BC Landowner's nuisance claim dismissed - insufficient interference by water from municipal lands

A BC landowner sued his municipality over drainage runoff, seeking both damages and an injunction requiring the municipality to take "immediate and effective action to stop the flow of water onto his property."  In 2002, the municipality approved the development of 68 townhomes by a developer adjacent to and north of the landowner's property.  As a condition of the development, a greenway was granted to the municipality running between the properties (including a gas pipeline right of way and an asphalt walkway).

The landowner alleged that prior to the development, there was a watercourse between one and three feet deep running in the location of the greenway.  The developer was permitted to fill in this watercourse resulting in the loss of the drainage route and periodic flooding on the landowner's property to the south (3.67 acres).

The municipality responded that the surface ponding of water on the landowner's property was a natural and pre-existing feature given the location of the property at the toe of a slope, its proximity to the water table, and the impermeable condition of its soils.  Also, the municipality argued that any additional water flowing onto the landowner's property was so minor in volume that it did not constitute a substantial interference with the landowner's use or enjoyment of his property.

On review of the evidence, the BC Supreme Court was unable to accept the landowner's contention that water was never a problem on his property prior to the development.  The Court found that the landowner exaggerated the extent of the water problems suffered since the development.  Also, the water table underlying his property was high and the soil was "fairly impermeable".

The Court concluded that any water coming onto the landowner's property did not meet the test of a claim in nuisance - that it resulted in a substantial and unreasonable interference with his use or enjoyment of the property or that there was sufficient physical damage to the land.  The landowner's property was a "holding property, awaiting development", and the consequences from increased water were minor.  The landowner did not demonstrate that "the pooling water along the northern boundary of his property has either substantially altered the nature of his property or interfered to a non-trivial or significant extent with the actual use being made of the property."  There was also no basis to find that any substantial adverse alteration of the land had been caused.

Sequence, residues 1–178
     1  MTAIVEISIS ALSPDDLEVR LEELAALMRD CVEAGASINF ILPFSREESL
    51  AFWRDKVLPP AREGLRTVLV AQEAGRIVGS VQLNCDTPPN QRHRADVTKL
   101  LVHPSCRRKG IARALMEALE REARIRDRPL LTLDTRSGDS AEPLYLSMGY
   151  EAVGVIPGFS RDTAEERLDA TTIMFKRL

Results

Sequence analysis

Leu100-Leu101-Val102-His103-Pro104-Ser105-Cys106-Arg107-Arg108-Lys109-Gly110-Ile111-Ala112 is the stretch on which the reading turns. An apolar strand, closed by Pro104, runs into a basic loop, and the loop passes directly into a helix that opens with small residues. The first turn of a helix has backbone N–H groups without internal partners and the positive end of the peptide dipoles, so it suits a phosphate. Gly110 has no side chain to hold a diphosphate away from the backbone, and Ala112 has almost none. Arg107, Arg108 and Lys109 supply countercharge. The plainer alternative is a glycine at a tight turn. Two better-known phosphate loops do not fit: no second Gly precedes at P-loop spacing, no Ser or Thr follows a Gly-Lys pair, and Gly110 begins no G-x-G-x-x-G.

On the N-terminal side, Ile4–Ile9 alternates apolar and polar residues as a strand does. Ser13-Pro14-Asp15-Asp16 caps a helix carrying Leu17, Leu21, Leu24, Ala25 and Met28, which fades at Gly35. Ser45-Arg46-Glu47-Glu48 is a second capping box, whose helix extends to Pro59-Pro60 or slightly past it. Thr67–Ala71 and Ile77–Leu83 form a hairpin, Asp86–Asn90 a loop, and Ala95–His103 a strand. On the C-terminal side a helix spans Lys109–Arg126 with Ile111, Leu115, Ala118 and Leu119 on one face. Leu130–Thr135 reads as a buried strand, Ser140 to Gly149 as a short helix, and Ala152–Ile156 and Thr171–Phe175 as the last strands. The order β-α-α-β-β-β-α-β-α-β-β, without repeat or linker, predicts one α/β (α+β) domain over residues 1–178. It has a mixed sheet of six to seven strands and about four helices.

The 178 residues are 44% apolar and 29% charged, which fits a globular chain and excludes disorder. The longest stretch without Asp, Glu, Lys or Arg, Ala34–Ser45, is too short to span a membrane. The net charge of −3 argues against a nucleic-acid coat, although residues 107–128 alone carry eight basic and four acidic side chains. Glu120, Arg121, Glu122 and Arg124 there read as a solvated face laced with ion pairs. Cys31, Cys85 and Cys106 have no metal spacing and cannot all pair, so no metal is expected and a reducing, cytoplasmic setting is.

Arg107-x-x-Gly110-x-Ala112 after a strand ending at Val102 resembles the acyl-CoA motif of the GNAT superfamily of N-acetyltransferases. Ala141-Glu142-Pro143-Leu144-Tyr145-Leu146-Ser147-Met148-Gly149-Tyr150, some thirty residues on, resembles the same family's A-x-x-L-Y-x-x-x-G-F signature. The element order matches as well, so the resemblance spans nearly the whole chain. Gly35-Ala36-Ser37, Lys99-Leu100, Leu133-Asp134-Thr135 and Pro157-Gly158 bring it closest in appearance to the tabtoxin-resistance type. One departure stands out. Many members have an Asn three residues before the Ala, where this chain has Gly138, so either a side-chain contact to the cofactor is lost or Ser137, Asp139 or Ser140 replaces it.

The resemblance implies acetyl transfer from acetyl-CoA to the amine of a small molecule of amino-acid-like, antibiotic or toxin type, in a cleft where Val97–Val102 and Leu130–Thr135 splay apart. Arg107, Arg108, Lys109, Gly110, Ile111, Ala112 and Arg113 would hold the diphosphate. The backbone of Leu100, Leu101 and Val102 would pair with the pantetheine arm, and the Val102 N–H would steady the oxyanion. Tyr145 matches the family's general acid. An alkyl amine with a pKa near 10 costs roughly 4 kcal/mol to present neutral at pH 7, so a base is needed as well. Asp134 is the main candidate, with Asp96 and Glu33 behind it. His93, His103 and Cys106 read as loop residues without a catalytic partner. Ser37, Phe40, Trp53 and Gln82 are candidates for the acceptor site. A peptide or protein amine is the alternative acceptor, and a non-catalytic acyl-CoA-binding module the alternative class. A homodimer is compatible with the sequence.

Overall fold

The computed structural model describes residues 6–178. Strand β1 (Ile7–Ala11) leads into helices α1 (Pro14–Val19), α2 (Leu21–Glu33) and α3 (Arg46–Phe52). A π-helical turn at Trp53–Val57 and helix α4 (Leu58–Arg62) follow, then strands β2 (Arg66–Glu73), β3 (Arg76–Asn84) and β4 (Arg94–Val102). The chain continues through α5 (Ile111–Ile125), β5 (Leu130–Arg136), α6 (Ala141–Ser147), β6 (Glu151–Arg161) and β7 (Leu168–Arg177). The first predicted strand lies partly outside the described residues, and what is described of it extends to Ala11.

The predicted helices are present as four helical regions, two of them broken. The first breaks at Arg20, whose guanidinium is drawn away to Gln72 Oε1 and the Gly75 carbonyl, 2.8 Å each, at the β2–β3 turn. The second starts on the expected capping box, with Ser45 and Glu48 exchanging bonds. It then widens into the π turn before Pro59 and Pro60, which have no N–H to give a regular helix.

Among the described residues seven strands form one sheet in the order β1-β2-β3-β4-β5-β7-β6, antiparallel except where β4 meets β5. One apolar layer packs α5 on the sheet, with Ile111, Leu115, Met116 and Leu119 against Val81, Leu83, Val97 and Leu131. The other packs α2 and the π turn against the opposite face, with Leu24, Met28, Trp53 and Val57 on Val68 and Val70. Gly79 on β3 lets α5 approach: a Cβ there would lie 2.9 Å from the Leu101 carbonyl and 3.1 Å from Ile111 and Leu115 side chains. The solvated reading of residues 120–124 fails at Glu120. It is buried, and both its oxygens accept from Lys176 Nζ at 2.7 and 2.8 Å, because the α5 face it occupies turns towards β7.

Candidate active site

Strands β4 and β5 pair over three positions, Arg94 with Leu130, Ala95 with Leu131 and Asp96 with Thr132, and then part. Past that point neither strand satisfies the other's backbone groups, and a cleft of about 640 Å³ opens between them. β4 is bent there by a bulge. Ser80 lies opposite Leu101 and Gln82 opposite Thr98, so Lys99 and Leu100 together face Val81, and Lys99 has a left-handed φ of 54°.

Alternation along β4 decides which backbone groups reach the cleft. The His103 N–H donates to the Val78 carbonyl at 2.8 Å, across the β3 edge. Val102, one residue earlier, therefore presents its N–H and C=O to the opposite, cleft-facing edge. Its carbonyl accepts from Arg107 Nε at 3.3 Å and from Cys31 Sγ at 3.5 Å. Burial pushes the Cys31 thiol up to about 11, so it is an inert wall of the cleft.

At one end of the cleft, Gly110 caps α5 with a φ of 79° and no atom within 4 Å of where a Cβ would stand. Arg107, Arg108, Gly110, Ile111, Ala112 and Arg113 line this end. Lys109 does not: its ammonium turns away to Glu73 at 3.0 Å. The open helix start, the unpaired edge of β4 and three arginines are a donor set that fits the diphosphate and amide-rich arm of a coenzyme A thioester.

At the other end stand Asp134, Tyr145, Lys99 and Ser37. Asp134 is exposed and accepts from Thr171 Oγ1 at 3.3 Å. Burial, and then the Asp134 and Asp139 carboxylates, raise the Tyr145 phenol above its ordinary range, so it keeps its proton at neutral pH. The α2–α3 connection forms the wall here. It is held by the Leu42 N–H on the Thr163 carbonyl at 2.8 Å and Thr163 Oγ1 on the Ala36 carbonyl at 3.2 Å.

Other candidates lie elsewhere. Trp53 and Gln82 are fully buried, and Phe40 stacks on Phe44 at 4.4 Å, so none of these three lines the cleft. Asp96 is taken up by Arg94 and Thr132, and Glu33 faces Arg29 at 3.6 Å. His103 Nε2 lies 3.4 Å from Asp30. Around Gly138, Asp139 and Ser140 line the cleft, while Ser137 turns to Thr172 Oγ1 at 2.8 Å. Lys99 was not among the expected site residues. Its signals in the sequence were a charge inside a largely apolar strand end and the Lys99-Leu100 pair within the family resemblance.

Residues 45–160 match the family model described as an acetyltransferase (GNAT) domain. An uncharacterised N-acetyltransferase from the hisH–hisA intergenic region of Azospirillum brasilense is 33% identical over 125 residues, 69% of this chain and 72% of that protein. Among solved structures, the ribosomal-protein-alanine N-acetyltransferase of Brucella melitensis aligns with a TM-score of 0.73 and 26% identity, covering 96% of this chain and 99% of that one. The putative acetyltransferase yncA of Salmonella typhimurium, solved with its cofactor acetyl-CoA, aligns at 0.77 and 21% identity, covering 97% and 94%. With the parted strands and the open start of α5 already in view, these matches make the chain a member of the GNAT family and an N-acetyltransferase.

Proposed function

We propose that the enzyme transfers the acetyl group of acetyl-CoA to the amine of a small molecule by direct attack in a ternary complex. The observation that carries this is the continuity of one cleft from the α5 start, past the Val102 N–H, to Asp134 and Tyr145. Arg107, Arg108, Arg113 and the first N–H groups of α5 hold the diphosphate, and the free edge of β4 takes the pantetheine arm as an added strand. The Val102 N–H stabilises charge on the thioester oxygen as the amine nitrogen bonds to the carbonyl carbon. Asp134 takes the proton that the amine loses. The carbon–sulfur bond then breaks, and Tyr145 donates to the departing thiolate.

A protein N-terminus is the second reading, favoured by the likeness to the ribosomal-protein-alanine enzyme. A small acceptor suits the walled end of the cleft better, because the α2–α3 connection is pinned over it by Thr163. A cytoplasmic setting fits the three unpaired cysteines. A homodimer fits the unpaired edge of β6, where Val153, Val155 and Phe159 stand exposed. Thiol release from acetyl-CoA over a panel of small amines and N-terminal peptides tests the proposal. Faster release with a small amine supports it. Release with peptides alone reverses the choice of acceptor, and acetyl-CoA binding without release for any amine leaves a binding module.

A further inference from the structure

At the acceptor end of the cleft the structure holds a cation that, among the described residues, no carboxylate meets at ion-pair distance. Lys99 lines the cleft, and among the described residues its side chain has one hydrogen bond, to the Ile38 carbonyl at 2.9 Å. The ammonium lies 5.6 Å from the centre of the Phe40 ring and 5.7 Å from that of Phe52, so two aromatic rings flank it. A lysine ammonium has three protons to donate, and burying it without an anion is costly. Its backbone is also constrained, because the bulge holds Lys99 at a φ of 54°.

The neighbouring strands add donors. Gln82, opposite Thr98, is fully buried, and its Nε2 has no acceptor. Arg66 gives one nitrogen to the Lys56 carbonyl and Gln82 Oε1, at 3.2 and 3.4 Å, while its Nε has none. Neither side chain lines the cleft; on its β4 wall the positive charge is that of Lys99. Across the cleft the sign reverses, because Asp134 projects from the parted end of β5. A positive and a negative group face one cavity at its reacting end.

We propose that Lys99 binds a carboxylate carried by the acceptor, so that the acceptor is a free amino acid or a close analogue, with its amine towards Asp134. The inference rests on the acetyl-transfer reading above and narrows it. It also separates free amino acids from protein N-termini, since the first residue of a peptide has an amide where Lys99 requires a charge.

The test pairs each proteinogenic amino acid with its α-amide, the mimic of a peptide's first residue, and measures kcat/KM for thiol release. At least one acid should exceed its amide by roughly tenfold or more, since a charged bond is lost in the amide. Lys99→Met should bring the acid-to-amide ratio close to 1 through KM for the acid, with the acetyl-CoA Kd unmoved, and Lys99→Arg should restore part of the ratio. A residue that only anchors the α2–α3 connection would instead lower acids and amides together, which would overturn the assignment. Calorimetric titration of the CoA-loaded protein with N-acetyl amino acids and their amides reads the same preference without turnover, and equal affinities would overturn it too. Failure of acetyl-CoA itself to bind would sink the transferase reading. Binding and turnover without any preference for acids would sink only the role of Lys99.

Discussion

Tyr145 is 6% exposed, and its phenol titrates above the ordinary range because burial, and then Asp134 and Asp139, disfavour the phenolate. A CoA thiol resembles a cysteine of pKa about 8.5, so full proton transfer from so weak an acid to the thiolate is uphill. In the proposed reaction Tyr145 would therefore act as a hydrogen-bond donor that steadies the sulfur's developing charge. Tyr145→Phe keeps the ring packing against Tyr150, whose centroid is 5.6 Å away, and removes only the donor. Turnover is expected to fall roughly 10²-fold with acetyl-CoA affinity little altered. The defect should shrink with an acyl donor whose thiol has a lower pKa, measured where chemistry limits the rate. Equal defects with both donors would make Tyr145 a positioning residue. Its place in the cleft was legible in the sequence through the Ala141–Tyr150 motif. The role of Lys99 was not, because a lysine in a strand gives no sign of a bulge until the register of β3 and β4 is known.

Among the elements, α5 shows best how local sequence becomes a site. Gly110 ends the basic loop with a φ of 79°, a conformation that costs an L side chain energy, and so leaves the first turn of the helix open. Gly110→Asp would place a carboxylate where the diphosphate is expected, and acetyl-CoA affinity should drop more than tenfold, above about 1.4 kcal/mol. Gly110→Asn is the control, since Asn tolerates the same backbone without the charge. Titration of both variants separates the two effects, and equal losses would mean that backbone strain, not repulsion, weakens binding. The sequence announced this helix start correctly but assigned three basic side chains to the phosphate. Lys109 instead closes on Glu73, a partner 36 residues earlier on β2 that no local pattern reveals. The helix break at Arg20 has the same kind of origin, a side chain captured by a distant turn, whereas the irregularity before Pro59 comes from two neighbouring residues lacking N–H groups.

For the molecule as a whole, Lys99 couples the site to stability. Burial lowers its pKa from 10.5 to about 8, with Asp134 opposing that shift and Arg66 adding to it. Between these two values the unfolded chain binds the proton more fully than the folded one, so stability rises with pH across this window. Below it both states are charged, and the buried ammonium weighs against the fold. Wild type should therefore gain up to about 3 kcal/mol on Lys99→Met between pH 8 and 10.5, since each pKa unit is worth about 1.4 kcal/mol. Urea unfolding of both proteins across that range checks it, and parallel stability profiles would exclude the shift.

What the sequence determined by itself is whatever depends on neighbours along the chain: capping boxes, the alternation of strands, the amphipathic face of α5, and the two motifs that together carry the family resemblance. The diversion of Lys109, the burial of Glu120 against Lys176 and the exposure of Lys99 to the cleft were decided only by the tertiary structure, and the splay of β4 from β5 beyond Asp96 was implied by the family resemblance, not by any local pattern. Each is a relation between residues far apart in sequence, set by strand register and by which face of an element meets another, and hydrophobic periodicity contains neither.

The landowner's nuisance claim was dismissed.

Read the decision at: Wood v. Langley (Township).

Tuesday, August 4, 2015

Nursery trees ruled to be chattels - claim for spray damage barred by limitation period

The Manitoba Court of Queen's Bench has dismissed a claim for spray damage caused to nursery trees (Roundup from a neighbouring wheat field) on the basis that the applicable limitation period had expired.  The key issue was the characterization of the trees - were they fixtures to the real property (the land) or were they chattels (movable property not affixed to the land)?  If they were fixtures, then a six-year limitation period would apply.  If they were chattels, a two-year limitation period would apply.  The action was commenced nearly four years after damage to the trees was first observed.

What is annexed or attached to the land becomes part of the land (a fixture), but there must be an intention to annex or attach evidenced by the degree of annexation and the object of the annexation.  In this case, the claimant argued that the trees were growing crops and, therefore, part of the real property (the land).  The defendants argued that the trees were planted only for the purpose of storage until they would be sold or used by the claimant, remaining as chattels (not fixed to the land).

The Court sided with the defendants and found that the nursery trees were chattels.  They were treated as the claimant's "stock in trade - as inventory".  The trees were never intended to be permanently attached to the land or to constitute an improvement to the land.  As a result, the two-year limitation period applied and barred the claim for damages.